INTRUDER ALERT: We knew there would be shenanigans and stunts pulled by our competitors to try to influence the vote here in Everett and here they come. We have multiple reports of people hanging around outside Everett stores and coffee shops talking about how bad this project will be for Everett. They are not from here and they are likely being paid to stir up trouble. If you see them, get a picture of them on your mobile phone. Ask them where they live and why they are here. Please report it here so we can expose them for what they are. Everett is going to stand united and no one is going to pull us apart when it comes to winning this project! Keep your eyes and ears open and spread the word. INTRUDER ALERT!

Three days later, the group posted again:

The shenanigans continue! Now some anonymous but strangely well funded stranger has sent “Everett No Casino” bumper stickers and nasty letters all around Everett. Who knows what else they will try or what lengths they will go to. Let us know what you see and hear out there!

This time, I noticed something odd. Shortly after a couple commenters politely replied that, regardless of one’s views on the casino, there was nothing necessarily wrong with another group sending out materials advocating against the proposal, their posts disappeared. I hadn’t taken any screenshots beforehand, so I had no proof of this. But I began to watch more closely for more of the same.

It didn’t take long before it happened again. Below is a screenshot of a post taken at 5:50 PM EST on May 21st, in which Everett United announced that McKinnon’s (a local butcher shop) had decided to support the Wynn casino resort proposal. One of the comments in reply stated simply, “Dislike.”

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By 6:14 PM, just 24 minutes later, that comment had vanished:

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Three days later, the same thing happened again. At 12:43 PM, I took a screenshot of an Everett United post from two days earlier, in which the group had posted a link to a Boston Globe article highlighting the Wynn team’s plans to improve traffic near the casino by replacing a busy rotary with a “flyover from Route 16.” One bemused commenter replied, “No way it will help. It’s still a two-lane road.”

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Just over two hours later, at 2:57 PM, the comment was nowhere to be found:

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(I contacted both commenters to confirm that they had not deleted their own posts. One confirmed that she had not, writing: “I don’t even know how to delete a post.” The other replied, “I don’t remember deleting it.”)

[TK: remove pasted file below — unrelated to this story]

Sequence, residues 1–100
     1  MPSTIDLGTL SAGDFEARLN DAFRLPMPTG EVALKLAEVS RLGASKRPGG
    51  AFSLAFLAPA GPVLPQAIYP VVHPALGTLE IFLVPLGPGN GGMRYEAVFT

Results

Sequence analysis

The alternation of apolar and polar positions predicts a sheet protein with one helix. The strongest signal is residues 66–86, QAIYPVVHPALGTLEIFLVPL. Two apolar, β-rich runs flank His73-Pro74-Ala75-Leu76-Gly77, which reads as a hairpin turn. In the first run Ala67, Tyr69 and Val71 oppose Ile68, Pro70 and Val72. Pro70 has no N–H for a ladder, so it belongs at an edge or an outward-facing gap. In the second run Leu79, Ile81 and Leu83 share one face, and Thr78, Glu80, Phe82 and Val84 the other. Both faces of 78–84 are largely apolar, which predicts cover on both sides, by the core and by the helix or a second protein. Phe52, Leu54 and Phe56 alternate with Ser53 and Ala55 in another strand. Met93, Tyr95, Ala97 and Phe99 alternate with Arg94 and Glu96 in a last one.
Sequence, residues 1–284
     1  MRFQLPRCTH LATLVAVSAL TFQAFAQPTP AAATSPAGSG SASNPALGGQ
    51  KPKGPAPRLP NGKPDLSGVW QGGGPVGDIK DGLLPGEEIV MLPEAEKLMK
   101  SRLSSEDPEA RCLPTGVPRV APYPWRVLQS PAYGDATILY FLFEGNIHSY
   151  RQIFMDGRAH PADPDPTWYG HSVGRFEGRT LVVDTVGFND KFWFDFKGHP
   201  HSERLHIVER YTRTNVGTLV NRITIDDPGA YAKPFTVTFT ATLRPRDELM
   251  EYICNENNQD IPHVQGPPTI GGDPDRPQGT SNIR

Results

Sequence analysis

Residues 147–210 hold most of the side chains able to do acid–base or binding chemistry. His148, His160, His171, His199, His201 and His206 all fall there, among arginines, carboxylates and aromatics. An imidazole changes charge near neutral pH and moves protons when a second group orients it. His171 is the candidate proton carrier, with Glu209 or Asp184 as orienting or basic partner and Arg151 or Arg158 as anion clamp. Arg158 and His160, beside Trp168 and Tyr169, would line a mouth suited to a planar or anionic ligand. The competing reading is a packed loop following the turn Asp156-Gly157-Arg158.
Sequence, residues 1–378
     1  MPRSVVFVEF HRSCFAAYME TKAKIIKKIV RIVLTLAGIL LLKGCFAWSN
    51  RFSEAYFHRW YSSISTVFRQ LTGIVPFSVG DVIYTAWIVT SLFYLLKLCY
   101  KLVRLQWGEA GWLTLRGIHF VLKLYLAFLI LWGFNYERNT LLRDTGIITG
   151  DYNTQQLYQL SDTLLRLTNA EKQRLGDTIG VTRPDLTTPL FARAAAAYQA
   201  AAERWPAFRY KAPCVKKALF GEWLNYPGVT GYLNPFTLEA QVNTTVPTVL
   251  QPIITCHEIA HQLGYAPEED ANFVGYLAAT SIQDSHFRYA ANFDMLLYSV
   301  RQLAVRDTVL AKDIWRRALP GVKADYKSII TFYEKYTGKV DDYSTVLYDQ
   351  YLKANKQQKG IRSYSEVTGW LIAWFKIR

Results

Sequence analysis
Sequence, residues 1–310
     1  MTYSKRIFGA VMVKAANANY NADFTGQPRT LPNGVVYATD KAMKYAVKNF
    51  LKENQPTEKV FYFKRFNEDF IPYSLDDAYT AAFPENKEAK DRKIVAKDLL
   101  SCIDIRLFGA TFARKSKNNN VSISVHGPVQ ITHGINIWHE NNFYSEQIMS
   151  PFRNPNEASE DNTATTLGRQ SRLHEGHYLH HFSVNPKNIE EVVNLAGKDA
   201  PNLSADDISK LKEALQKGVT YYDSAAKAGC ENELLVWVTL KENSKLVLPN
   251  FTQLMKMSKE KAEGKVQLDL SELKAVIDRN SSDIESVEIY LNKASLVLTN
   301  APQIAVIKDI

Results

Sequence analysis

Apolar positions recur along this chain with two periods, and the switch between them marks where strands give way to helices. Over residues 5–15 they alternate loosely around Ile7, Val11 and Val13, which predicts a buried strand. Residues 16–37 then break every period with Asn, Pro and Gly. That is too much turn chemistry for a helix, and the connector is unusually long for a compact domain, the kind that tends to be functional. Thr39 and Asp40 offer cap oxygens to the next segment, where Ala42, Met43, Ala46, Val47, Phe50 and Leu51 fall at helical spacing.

Around this time, I began to dig around a little and quickly found dissenters elsewhere, sporadically disseminated across various message boards and comment sections. Brief research led me to multiple skeptics who, explicitly or otherwise, suggested that Everett United was not exactly what it purported to be. Several of these commenters named an organization called Saint Consulting Group as a financial backer of Everett United.

So I started trying to contact both Everett United and Saint Consulting Group. On May 17th, I called Sandy Juliano, whom the Everett Independent, a local newspaper, identified as the “founder and president of Everett United.” Juliano, along with several others, had been treated to a tour-guided (and Rolls Royce limousine ride-included) stay at Steve Wynn’s properties in Las Vegas in April as the Everett proposal gained steam. (Although her real estate business, JRS Properties, Inc., is based in Everett, Juliano is actually a resident of North Reading.)

Juliano answered her cell phone and I identified myself as a writer who wanted to speak to her about Everett United. She asked me who I wrote for, and I explained that I have written for various publications such as The Huffington Post, as well as on my own web site. She then asked whether my site was pro- or anti-casino, to which I replied that it is neither one and that I mostly cover national and international politics. I mentioned that I am originally from Everett and found the movement interesting.

Upon hearing this, Juliano — who remained cordial throughout — explained that she’d been having some kind of trouble with anti-casino advocates recently (I don’t recall her exact phrasing) and that she wanted me to send her a link to my web site via email, after which she would call me back. She had a property inspection she was headed to and would call me back when it was over — in about two hours, she said. I thanked her and immediately emailed her a link to my web site, explaining again, “I saw a few Facebook posts about Everett United from old friends, and was curious about the project.”

Despite her helpful demeanor, I was somewhat perturbed by the phone call. Once again, immediately questioning the motives of a caller and referencing trouble with opponents of the casino proposal didn’t seem in line with normal strategy for a community-based organization. It was stranger still when Juliano not only never called me back, but also didn’t reply to a follow-up email I sent three days later, on the subsequent Monday.